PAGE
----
Obviously, the burden of deconstruction of crude oppositions and mythologies associated with Shari’ah in Yorubaland lie with the Muslim Ummah in the region through education and public enlightenments.

Engr. Dauda Olayinka Ayanda (MNSE), wrote from Ibadan.


Published online by Guardian Newspaper (June 19, 2015)

MORE importantly, a new perspective to the spread of Islam and the subsequent deepening of Shari’ah was the factor of “pre-destined Muslims” through Ifa divinity.

At the inaugural lecture of Prof. Oloyede AbdulRahman on July 26 2012in University of Ibadan, he established in his research the presence of strange corpus of Ifa called “Odu Imale” or “Otura Meji” in Yoruba mythology. Oba Abibu Olagunju was a classical example of this mythology that was born before 1817 to Lagunju/Oduniyi royal household of Ede in Osun State.

As it was the practice among the Yoruba in those days to consult the Ifa Oracle whenever a baby was born into a family, his parents consulted Ifa Oracle and what came out was “Otura Meji” which revealed that the child was a pre-destined Muslim who must grow up as a Muslim and who would not be a devotee of any idol worshipped by his parents and even other Yoruba gods.

Oba Abibu Olagunju, the first Muslim monarch of Ede, gave Shari‘ah official recognition in the second half of the 19thcentury. Oba Momodu Lamuye in Iwo was also a “pre-destined Muslim”that established Shari‘ah during his reign. Likewise, Oba Aliyu Oyewole of Ikirun was “pre-destined” and reported to have opened a Shari‘ah court in his own jurisdiction.

All these show that the spirit of Islamic thought have taken root in Yorubaland before the advent of colonialists. Although the presence of British colonialists in Yorubaland led to theabolition of Shari’ah in some places where they met it, the Muslims there did notrelinquish their religion as well as the Shari’ah.

Prof. Dawood Noibi briefly mentioned application of Shari’ah in Yorubaland in his book – Islamic Perspective: A Comprehensive Message – that in parts of pre-colonial Yorubaland, justice was dispensed according to Shari’ah. He further asserted that although the British contrived and abolished the Shari’ah in Yorubaland, Muslims in some parts of this area did call for the resuscitation of Shari’ah for the purpose of adjudication among Muslims. This explains the fact that clamors for Shari’ah is not only a Northern Agenda but a natural part of Islam.

In fact, the clamor for the official re-introduction of Shari’ah law in Yorubaland is not a new phenomenon. The first move in that direction was said to have been made in 1923 when the Lagos Muslim Community petitioned the colonial administrations for the creation of Shari’ah courts following the non-consideration of Islamic divorce rules by a colonial court.

The Ijebu-Ode and Oyo Muslim Communities were also said to have demanded the re-introduction of Shari’ah from the colonial masters in 1940 and 1944 respectively. It is obvious that Shari’ah evolved naturally in Yorubaland as a divine law according to which Almighty Allah wants a Muslim to live. It contains the injunctions of the divine will as applied to every situation in life.

Shari’ah is therefore the guide of human action and encompasses every facet of human life. By living according to Shari’ah, Muslims place their whole existence in God’s hand thus sanctifies the whole of life and gives a religious significance to what may appear as the most mundane of activities. Law in Islam is an integral aspect of the revelation and not an alien element. Therefore, it is a religious notion of law, one in which law is an integral aspect of religion.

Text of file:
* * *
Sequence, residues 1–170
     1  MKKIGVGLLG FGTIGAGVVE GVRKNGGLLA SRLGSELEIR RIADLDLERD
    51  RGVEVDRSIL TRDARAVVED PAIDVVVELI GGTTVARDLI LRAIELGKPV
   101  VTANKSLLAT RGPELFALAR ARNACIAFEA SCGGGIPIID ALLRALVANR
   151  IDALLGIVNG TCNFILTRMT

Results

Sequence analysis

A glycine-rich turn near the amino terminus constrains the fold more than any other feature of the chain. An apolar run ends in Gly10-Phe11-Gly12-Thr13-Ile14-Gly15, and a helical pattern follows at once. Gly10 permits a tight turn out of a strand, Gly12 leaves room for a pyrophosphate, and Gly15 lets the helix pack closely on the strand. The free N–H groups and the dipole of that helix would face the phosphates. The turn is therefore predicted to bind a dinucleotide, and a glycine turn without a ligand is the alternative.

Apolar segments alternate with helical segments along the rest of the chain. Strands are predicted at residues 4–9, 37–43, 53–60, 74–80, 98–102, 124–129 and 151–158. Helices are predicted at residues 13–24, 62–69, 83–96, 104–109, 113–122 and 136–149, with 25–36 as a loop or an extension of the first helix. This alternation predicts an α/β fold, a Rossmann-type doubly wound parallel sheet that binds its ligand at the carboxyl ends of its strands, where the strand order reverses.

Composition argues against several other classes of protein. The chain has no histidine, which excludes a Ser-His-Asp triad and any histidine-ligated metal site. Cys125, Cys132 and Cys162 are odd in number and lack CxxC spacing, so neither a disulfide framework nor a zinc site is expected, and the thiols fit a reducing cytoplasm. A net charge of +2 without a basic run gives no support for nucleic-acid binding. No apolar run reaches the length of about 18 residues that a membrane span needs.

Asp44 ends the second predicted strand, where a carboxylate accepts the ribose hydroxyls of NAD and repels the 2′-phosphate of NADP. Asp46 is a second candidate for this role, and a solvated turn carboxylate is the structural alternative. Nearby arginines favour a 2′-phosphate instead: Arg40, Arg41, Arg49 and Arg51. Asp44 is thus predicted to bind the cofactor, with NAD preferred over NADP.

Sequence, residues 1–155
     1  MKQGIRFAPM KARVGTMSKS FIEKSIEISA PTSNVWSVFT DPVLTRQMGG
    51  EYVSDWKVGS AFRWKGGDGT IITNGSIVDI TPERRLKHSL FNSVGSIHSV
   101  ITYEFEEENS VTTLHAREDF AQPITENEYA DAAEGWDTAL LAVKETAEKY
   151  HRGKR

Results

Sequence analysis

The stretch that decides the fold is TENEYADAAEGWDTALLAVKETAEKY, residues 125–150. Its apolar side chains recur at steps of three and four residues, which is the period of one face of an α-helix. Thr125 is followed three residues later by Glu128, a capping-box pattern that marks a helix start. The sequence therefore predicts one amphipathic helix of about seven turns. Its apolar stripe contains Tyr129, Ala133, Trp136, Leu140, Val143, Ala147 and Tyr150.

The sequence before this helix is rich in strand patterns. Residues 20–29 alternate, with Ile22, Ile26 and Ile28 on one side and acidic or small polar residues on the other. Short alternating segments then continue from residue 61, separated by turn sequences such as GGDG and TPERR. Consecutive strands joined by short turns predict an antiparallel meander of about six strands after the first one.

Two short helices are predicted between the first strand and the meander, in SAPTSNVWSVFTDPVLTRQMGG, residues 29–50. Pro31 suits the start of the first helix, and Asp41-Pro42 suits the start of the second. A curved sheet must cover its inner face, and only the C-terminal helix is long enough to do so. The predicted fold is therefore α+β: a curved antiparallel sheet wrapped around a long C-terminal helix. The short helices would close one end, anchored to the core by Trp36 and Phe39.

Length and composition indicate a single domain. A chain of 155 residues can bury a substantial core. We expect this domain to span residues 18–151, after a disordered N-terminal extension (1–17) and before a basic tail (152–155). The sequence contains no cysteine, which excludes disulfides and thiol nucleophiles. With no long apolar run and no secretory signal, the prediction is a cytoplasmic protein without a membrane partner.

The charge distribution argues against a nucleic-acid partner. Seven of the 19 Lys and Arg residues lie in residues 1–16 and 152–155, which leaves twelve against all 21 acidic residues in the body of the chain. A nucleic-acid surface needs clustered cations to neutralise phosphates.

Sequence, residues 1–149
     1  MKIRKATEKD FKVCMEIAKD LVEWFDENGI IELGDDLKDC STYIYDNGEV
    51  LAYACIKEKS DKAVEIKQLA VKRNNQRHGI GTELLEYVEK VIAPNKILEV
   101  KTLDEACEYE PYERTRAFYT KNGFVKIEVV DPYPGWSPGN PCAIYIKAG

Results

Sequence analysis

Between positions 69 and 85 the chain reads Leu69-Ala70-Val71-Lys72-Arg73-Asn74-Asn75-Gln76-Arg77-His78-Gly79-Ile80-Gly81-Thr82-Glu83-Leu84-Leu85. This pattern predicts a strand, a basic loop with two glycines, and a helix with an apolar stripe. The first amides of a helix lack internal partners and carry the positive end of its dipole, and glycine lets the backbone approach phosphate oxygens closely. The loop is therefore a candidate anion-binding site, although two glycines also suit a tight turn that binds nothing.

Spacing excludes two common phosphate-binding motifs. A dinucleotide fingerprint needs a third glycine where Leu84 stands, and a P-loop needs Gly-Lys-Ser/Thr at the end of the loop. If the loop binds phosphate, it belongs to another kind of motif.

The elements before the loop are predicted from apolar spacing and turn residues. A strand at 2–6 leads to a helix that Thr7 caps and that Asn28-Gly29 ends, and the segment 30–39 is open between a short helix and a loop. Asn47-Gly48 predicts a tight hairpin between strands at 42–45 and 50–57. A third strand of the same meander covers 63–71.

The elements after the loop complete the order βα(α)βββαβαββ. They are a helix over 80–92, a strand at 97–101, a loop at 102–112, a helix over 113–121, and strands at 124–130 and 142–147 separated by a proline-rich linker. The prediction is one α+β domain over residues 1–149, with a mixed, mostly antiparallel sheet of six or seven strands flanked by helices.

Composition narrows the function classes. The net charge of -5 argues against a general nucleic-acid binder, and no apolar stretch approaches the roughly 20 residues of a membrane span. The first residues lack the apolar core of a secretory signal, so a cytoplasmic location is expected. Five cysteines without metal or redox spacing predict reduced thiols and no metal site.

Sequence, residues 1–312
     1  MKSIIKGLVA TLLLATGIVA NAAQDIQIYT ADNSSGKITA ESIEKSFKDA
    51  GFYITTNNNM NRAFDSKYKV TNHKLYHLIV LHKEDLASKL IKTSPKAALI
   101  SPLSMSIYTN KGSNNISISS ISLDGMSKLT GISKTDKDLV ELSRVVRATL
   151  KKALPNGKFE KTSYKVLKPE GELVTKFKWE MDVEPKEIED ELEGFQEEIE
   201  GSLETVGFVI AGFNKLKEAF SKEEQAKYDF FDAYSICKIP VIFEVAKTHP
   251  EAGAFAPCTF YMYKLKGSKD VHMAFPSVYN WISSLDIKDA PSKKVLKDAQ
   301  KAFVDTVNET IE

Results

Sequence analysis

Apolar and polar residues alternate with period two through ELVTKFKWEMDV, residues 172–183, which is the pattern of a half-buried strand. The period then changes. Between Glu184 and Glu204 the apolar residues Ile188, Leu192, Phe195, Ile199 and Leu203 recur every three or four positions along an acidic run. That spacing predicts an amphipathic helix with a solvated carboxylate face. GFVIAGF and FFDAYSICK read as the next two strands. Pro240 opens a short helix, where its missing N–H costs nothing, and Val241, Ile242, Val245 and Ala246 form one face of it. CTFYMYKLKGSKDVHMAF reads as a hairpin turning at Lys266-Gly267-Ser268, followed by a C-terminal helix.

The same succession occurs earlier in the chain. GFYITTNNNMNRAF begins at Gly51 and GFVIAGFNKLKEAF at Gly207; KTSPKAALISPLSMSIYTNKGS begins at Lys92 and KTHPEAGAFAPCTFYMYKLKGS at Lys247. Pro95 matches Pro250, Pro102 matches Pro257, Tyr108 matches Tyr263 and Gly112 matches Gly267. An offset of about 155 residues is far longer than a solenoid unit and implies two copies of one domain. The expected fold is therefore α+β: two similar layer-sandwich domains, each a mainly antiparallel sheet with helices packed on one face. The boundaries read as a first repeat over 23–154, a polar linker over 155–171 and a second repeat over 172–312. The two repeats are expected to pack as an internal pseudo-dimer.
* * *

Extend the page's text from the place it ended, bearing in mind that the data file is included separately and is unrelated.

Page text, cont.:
Moreover, Shari’ah law given to Prophet Muhammad (SAW) through the Glorious Quran is an expanded version of Ten Commandments given to Prophet Moses (AS) through the Torah as a divine injunction from the Creator unto His creatures since both of them were sent by Supreme Majesty, Almighty Allah (SW) on the path of Islam.This probably explains why Jewish Rabbinic courts and Islamic Shari’ah courts exist alongside secular courts in Israel till date and are officially recognized by the justice system in everything regarding the personal status of Muslims. The judges of the Shari’ah courts are officially appointed by a joint ministerial-parliamentary committee and their salaries paid for by the state.

Ironically, the system began with an Act during British Mandate, under which all recognized religious groups were allowed to deal with matters such as marriage, divorce, inheritance and adoption in their own courts. After 1948, the system was continued but only in matters of personal status.

By law, the Shari’ah courts have exactly the same status as the Rabbinic courts. No wonder Lord Phillips of Worth Matravers suggested earlier in 2008 that aspects of Sharia should be adopted in Britain.
He said “It is possible in this country for those who are entering into a contractual agreement to agree that the agreement shall be governed by law other than English law.” Joseph Schacht, despite his prejudices against Islam, declared in his work – An Introduction to Islamic Law – that “Shari’ah is the most typical manifestation of the Islamic way of life, the core and kernel of Islam itself.”

Similarly, contributory work of JND Anderson in the edited book – Islam in Africa – sees the Shari’ah as “explicit and assured in its enunciation of the quality of life which God requires of man and woman.”
Shari’ah suffered from “widespread misunderstanding” in Britain, Lord Phillips said. And so also in Nigeria which is as a result of transferred imperialists’ hatred. Part of the misconception about Shari’ah is the belief that Shari’ah is only about mandating sanctions such as flogging, stoning, the cutting off of hands or death for those fail to comply with the law,” Lord Phillips asserted.

And what most people think they know of Shari’ah is that it is repressive towards women and wedded to archaic and brutal physical punishments.
TO BE CONTINUED NEXT WEEK. Engr. Dauda Ayanda, wrote from Ibadan.


Published online by Guardian Newspaper (June 12, 2015)